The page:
A chemical, commonly used in the manufacture of rubber products, may cause cancer in workers regularly exposed to it, according to researchers led by Prof Tom Sorahan from the University of Birmingham’s Institute of Occupational and Environmental Medicine.
They found higher than expected rates of diagnosis and death from a number of cancers among men working at a rubber plant in north Wales.
The study looked in particular for exposure to a chemical called 2-mercaptobenzothiazole, or MBT, which has been implicated in previous research as a possible carcinogen.
They looked at the death rates of 2,160 employees, who had worked continuously at the plant for at least six months between 1955 and 1984. Of this group, 363 were identified as having been exposed to MBT through work.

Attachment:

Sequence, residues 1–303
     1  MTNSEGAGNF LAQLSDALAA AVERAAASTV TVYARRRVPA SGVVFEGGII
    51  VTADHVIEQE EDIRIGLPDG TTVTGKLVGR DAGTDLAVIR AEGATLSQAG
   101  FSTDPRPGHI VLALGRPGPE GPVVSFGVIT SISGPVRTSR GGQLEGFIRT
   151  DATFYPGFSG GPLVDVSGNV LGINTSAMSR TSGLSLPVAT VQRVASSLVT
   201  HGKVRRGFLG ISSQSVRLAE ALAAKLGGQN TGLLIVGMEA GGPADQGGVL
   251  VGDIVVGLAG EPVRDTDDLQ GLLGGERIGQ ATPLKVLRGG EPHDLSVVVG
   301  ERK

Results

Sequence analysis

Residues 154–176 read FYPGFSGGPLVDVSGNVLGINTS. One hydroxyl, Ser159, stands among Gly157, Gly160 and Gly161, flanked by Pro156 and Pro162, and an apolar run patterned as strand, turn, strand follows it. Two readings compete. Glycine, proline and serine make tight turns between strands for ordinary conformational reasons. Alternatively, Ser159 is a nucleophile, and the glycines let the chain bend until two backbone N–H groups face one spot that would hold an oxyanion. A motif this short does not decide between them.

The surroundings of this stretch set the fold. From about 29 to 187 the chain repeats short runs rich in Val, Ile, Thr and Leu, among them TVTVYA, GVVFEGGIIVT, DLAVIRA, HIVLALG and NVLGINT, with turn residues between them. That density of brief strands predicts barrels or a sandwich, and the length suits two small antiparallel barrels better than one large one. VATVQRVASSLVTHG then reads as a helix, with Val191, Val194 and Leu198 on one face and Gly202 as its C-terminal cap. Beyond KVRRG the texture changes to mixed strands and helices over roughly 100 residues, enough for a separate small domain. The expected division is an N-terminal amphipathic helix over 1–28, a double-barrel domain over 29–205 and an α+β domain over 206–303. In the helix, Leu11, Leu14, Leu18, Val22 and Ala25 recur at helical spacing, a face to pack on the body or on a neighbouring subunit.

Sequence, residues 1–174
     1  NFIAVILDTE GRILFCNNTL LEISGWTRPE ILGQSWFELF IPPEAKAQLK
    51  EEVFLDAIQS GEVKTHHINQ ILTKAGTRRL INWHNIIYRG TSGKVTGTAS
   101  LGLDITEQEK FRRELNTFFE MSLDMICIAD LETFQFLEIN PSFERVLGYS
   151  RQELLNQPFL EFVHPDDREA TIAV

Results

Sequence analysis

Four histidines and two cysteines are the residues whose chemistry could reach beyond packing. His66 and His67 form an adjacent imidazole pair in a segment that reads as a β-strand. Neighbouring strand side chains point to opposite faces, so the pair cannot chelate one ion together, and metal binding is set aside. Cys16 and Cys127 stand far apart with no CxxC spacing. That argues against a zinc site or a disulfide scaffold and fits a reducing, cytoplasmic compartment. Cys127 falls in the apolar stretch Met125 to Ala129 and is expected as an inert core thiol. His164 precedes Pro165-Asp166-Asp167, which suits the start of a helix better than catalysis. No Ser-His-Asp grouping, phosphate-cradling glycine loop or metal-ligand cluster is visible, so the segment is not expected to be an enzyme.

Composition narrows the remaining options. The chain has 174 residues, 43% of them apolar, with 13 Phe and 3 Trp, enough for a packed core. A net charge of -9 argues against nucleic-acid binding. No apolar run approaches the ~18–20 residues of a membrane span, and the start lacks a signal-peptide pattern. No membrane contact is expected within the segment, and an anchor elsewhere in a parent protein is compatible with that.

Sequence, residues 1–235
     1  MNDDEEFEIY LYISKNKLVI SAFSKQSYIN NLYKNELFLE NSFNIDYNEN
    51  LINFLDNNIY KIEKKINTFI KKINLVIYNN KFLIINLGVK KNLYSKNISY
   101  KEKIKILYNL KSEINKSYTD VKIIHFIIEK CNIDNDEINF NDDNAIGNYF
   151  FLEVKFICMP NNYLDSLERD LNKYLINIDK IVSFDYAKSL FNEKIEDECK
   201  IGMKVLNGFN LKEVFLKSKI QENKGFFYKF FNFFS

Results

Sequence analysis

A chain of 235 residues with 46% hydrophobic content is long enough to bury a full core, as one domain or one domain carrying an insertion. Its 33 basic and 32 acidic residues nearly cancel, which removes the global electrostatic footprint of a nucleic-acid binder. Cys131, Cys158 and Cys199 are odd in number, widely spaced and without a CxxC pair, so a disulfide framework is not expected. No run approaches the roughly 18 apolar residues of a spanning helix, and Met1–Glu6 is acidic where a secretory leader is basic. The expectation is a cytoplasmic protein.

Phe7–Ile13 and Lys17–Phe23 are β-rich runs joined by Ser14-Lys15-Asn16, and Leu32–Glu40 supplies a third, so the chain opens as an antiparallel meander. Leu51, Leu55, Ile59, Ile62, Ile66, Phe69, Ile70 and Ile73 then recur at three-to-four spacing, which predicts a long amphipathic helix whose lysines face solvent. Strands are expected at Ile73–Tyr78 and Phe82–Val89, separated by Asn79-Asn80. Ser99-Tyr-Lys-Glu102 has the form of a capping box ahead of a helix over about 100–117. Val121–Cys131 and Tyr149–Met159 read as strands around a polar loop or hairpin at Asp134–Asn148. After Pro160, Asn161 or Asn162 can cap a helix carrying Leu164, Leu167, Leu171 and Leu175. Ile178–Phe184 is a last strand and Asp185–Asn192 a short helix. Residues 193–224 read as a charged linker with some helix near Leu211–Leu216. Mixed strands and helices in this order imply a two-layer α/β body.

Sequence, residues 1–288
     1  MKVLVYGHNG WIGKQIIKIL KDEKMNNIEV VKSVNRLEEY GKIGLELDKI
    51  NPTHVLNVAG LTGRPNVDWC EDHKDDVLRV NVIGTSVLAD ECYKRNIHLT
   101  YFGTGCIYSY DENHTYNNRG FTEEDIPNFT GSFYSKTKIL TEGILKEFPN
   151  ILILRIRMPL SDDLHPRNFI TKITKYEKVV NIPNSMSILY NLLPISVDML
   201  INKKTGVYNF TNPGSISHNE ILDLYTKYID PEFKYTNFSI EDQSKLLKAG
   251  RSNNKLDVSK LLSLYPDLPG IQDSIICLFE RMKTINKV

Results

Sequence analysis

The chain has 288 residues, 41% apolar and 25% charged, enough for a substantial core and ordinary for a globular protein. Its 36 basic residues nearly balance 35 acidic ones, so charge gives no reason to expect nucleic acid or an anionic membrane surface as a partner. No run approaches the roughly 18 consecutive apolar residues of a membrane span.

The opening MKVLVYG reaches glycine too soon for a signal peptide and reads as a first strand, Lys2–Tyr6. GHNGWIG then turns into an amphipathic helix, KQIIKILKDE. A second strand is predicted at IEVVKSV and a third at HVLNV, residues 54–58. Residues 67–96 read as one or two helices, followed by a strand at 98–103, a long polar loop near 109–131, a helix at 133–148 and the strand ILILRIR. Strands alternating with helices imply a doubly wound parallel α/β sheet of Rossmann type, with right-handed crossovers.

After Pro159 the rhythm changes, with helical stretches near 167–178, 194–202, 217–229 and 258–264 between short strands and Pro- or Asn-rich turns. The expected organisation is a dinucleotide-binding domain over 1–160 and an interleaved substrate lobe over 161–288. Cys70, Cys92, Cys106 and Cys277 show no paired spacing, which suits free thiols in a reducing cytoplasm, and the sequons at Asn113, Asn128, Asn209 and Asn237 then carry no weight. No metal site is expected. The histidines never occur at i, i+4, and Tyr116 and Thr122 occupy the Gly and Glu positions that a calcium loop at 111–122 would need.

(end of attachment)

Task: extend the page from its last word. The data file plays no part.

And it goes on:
When the study was conducted, 222 of the MBT group had died and 136 were traced who were still alive.
Analysis of the data showed that mortality rates from cancers of the large intestine and bladder were significantly higher in workers exposed to MBT than the national average.
Less significant increases were also found for lung cancer and multiple myeloma.
Further statistical analysis of the data showed that workers exposed to MBT were also significantly more likely to be diagnosed with bladder cancer or multiple myeloma than the 1,797 workers who had never been exposed to the chemical.
For cancer of the large intestine and multiple myeloma, there were also significant trends: the higher the exposure, the higher the elevated risk.